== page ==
- Add a single level of geometry.
- Repeat steps 6 and 7 until you are satisfied with the results.
- Test in project environment (create testing project).
Revit Family Possibilities
You can create quite complex objects and behaviour using Revit families. Here are a few of the possibilities:
- Formulas to control behaviour, visibility, arrays.
- Arrays and nesting for repeatable, resizable elements across an array.
- Advanced nesting with subcomponents that can be swapped.
- Reference lines and angular movement.
Formulas can be used to control behaviour, visibility, arrays, e.g. to define arrays of bolts depending on the size of a plate.
Arraying nested components allows the user to create families with repeatable elements across an array that can resize based on user input or rules. For example, a bookshelf with arrayed shelves, mullion patterns based on rules, and open web joists that adjust based on length and height.
Advanced nesting can make use of nested families with family type parameters that can provide flexible components with swappable sub-components such as nested door panels, frames, hardware, playground equipment, swappable panels and components.
Reference lines allow geometry to move about in an angular fashion. They contain two endpoints and two built in work planes that can be parametrically controlled. Some simple examples include a door swing that can change the opening angle, or a light fixture head that moves and points. A more complex example is an excavator arm that can bend and rotate about three or more pivot points.
Creating a Family Programmatically
Now that the basics of Revit families are clear, we can look at the new access to this functionality provided by the new family API.
Family API Usage
Exposure of the family API is probably the most important enhancement to the Revit API in 2010. The concept of component family is a unique feature and strength of Revit. This was the most wanted feature in the Revit API community and we expect the effect and growth in possibilities with the availability of family API will be dramatic.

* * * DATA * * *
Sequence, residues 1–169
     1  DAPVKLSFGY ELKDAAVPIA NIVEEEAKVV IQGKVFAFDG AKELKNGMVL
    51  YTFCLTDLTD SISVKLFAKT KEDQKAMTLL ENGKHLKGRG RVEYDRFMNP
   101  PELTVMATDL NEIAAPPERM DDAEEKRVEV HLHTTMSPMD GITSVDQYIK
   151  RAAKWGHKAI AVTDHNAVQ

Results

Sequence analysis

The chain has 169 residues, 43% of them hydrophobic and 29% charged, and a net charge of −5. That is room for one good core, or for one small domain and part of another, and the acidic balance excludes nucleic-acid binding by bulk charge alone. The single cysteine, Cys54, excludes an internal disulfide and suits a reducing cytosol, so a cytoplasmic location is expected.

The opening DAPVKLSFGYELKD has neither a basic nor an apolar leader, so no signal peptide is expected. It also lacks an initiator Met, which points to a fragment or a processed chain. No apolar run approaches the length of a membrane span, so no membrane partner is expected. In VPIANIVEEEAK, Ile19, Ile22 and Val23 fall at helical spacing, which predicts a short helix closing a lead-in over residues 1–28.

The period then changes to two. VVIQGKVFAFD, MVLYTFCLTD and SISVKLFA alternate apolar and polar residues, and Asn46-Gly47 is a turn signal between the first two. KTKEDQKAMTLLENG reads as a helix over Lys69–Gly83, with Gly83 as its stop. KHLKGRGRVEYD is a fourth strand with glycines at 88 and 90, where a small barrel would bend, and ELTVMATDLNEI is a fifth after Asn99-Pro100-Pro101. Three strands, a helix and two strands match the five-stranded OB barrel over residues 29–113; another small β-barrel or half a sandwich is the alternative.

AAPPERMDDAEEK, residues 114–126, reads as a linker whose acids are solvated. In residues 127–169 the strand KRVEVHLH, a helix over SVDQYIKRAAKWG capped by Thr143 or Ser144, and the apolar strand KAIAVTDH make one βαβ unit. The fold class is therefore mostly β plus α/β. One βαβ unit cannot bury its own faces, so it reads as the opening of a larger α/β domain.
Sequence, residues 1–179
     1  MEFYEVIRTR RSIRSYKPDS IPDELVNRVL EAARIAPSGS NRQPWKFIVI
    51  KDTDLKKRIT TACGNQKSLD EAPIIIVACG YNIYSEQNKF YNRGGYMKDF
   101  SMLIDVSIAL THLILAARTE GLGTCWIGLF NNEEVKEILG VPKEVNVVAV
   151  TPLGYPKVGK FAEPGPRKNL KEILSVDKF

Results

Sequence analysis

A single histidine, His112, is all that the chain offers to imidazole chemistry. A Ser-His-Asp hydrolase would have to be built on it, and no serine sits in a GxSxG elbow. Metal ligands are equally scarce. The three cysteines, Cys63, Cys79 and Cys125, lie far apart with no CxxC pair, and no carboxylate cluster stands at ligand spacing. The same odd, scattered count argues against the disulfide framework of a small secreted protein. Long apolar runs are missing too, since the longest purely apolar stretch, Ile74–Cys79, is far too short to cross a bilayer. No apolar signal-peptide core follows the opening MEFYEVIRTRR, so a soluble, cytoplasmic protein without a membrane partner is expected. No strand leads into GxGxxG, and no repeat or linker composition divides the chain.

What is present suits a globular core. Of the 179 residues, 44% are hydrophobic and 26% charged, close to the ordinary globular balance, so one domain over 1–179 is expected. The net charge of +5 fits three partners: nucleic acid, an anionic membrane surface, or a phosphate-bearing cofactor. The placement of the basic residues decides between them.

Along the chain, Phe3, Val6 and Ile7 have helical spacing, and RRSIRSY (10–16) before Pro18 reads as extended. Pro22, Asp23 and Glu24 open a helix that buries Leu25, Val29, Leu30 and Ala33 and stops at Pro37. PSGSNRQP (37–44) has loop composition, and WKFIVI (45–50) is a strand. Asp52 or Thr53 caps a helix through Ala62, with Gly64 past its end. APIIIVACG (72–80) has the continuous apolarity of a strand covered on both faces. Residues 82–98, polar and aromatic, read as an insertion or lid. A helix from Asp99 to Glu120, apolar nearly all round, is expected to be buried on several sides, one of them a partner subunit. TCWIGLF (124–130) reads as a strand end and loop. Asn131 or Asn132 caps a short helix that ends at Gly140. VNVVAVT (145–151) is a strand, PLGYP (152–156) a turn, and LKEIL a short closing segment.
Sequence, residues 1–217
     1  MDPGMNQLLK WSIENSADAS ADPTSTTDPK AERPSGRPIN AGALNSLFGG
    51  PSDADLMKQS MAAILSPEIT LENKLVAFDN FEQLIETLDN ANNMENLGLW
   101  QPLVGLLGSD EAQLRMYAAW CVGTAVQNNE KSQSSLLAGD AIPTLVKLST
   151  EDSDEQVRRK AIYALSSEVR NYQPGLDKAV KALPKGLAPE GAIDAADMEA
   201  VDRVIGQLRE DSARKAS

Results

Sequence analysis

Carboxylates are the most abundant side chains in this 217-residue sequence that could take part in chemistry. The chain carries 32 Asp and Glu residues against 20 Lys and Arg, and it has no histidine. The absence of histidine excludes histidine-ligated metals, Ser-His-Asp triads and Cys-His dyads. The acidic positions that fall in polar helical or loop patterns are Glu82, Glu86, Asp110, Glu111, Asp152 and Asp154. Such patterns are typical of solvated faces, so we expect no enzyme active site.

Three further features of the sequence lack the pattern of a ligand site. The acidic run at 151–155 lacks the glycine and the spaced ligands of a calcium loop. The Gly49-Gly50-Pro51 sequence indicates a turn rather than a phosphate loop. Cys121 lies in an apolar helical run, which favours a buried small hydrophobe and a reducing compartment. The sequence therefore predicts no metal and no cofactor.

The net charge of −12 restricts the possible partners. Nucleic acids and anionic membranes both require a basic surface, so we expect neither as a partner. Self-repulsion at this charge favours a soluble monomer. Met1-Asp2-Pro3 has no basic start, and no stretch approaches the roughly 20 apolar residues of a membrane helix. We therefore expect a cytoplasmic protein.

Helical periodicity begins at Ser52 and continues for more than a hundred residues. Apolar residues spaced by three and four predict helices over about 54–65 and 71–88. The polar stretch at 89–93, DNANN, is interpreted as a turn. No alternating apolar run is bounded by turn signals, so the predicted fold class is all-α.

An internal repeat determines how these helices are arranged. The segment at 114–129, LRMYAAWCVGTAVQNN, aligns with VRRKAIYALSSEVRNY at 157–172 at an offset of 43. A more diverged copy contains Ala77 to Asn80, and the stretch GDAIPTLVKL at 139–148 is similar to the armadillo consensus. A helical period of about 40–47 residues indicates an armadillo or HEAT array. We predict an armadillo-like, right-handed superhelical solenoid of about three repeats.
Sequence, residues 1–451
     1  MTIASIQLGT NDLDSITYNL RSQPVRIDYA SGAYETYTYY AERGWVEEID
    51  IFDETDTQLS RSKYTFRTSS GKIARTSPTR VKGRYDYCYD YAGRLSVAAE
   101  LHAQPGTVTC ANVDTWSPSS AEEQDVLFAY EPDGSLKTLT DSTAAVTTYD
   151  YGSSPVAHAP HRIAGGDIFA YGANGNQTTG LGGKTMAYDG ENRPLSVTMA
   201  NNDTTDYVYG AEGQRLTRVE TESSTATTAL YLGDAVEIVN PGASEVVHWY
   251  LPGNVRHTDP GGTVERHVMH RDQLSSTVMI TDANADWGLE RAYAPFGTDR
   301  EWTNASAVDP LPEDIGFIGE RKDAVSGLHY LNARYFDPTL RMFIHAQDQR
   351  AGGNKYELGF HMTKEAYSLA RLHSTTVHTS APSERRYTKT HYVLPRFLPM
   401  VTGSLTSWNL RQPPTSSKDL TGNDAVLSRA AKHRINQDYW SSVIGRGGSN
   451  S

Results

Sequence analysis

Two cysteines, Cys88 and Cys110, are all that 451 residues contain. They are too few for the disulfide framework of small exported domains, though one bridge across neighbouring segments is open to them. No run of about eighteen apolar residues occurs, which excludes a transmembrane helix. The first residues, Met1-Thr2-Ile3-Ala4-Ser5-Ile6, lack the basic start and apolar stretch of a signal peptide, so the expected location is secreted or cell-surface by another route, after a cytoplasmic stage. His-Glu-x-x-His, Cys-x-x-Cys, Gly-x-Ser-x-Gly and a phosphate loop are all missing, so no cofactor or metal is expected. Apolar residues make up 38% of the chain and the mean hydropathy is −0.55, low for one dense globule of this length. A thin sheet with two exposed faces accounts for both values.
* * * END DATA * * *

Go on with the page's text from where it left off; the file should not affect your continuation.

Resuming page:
An obvious opportunity provided by the new family API is the automatic generation of content from databases or other library sources. It is also possible to extract a family definition out of a project and store it back into an external family file. The document Revit Platform API Changes and Additions.doc in the Revit SDK folder provides an overview of the family API. Family API specific samples are located in the Revit SDK samples
Here are some of the new supported features:
- Enable use of the Revit API within the family editor context.
- Create and modify family content.
- Automatic library generation from database or other library specification.
- Extract family definitions from existing projects.
- Define references and constraints to drive model geometry parametrically, formulas to drive parameter values, and annotation and dimensioning.
- Control detailed visibility of family types and their elements.
- Control loading behaviour of a family.
Document and Family Manager Classes
The Revit API Document now has some added methods and properties for managing families:
- EditFamily - edit a family loaded in a project document.